‘Partners to Close the Gap’, our partner church project with the diocese of Lichfield, held a poverty hearing event to mark the end of their first year. David Primrose, the diocese’s Director of Transforming Communities, shares some reflections on the event.
‘If people are in poverty, then it’s their own fault’ is the common generalisation that we were challenging with our ‘For Richer, For Poorer’ hearing earlier this month. The Bishop of Lichfield, who opened the event, said,
“We’ve had to try and fight against that poisonous, sterile philosophy”.
And we did so, through listening to stories of ordinary people living in these times of austerity in the Potteries and the Black Country. The video below captures the power of the event:
Church Action of Poverty have been providing consultancy for this programme as part of the partner church work within the Close the Gap campaign. The emphasis was on listening with the intentional intensity of appreciative inquiry.
The ‘For Richer, For Poorer’ project began last year, by the twinning of four parishes in areas of significant deprivation with four parishes in more affluent localities. All those involved commented on the difficulty of really listening to their own neighbours, let alone those from other parishes. At the hearing, Theresa and David from Ashmore Park described their experience of struggling to meet basic living needs when thrown into poverty as ill health forced them to stop working. Karen Stanton, vicar of another partnering parish, leafy rural Kinver, brought home the reality that anyone can experience sudden poverty, with a tale of a well-to-do man who found himself on the street after a relationship breakdown. From Stoke-on-Trent, we heard how people seeking asylum can be left in absolute destitution through loopholes in provision.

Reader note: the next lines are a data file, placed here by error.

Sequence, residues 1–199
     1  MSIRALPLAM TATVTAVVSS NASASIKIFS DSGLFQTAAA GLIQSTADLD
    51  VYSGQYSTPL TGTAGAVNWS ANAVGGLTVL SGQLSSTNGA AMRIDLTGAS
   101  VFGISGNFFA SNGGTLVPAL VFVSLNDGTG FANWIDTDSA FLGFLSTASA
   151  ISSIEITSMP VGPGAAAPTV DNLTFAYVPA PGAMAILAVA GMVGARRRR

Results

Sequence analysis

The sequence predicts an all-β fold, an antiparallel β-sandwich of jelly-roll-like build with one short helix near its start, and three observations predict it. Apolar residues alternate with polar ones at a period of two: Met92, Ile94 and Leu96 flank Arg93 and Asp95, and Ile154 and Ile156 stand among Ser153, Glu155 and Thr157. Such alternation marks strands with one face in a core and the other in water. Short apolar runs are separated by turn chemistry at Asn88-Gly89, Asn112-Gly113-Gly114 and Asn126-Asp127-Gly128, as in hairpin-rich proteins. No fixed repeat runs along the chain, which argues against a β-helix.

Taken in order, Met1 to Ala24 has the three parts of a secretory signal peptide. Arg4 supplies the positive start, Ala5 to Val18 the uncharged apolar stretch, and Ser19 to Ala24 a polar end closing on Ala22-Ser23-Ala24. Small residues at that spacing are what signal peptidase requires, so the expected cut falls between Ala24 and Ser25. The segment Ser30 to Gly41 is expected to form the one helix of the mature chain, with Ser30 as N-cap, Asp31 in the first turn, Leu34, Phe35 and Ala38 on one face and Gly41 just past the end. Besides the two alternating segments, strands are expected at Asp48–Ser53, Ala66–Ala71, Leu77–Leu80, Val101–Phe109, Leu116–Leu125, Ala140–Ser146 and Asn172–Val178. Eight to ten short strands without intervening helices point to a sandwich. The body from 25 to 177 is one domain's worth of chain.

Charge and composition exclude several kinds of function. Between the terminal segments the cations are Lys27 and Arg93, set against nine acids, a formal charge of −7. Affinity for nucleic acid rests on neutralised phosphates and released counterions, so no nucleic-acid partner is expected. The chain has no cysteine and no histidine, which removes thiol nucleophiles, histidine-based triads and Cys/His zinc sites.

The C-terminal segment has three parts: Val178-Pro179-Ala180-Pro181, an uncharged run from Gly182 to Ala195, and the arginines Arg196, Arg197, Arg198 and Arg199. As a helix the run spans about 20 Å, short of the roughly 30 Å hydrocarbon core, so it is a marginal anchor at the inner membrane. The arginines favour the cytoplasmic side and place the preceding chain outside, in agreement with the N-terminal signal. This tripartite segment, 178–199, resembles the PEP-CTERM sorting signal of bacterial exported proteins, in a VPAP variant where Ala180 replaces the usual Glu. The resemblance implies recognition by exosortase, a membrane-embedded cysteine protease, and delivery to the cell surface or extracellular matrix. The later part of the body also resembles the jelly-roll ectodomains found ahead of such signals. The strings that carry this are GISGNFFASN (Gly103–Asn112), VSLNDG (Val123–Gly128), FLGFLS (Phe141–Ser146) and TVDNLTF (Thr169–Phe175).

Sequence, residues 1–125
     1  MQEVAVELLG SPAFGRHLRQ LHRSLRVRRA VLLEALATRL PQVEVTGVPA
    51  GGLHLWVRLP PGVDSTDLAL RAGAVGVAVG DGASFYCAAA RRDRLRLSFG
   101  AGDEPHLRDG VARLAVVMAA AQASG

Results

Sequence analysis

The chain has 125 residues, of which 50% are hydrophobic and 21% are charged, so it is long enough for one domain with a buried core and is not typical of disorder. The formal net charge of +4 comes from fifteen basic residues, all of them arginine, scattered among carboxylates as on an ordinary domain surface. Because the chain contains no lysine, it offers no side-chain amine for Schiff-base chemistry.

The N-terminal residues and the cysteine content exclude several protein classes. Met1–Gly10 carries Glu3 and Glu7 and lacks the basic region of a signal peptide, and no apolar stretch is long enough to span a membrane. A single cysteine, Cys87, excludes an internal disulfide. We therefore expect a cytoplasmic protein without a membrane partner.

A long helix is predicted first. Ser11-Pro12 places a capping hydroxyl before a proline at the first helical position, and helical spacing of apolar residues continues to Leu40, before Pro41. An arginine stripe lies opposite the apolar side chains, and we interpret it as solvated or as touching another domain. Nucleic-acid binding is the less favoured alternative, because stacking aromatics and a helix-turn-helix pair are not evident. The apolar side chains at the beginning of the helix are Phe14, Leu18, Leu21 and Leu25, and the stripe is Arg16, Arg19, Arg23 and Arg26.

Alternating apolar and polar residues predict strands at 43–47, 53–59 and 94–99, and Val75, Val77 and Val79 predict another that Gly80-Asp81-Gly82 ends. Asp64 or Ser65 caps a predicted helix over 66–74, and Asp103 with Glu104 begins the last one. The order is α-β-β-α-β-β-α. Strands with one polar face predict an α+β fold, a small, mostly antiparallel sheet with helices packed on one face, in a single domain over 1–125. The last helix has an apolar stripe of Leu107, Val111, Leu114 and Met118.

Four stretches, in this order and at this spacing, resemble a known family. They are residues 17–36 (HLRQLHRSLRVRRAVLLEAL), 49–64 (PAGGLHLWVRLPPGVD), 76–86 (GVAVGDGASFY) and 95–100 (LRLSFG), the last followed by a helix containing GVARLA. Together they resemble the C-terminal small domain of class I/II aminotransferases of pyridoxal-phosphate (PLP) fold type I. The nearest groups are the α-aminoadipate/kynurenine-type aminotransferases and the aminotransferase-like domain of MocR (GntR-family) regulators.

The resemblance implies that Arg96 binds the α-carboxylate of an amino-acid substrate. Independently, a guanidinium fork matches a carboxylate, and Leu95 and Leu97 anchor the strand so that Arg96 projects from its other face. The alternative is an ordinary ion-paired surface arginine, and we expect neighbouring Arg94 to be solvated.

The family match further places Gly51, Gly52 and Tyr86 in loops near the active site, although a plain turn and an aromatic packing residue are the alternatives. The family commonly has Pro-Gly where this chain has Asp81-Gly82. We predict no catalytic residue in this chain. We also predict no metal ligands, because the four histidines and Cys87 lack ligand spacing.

Ruth Clay is our part-time project worker. She says:
“The important thing is to get beyond just talking about this. The church knows that it needs to love its neighbour but doesn’t always know how to do it; knows there’s loads of needs, perhaps even knows there’s lots of ways we can respond but doesn’t see the priority of it. But when the church gets involved with the poor, it changes them. It changes the way they relate to each other, it changes the way they relate to their neighbours and it changes the impact we have on society. People start to listen to the Good News because we are BEING good news, not just saying it.”
During the day, artist Oliver Pengilley took the stories and themes that came out and produced a painting in response. Auctioned at the end of the day, the winner immediately invited their partner parish to be the first to hang it in their church as a time-share and talking point about their experiences and new friendships through the project:
The four existing partnerships are continuing their relationship, with the possibility of including a trip to link churches in South Africa next spring. They have extended an invitation to other churches to join the project, and will be holding an induction day in early September.
For further details, contact David Primrose.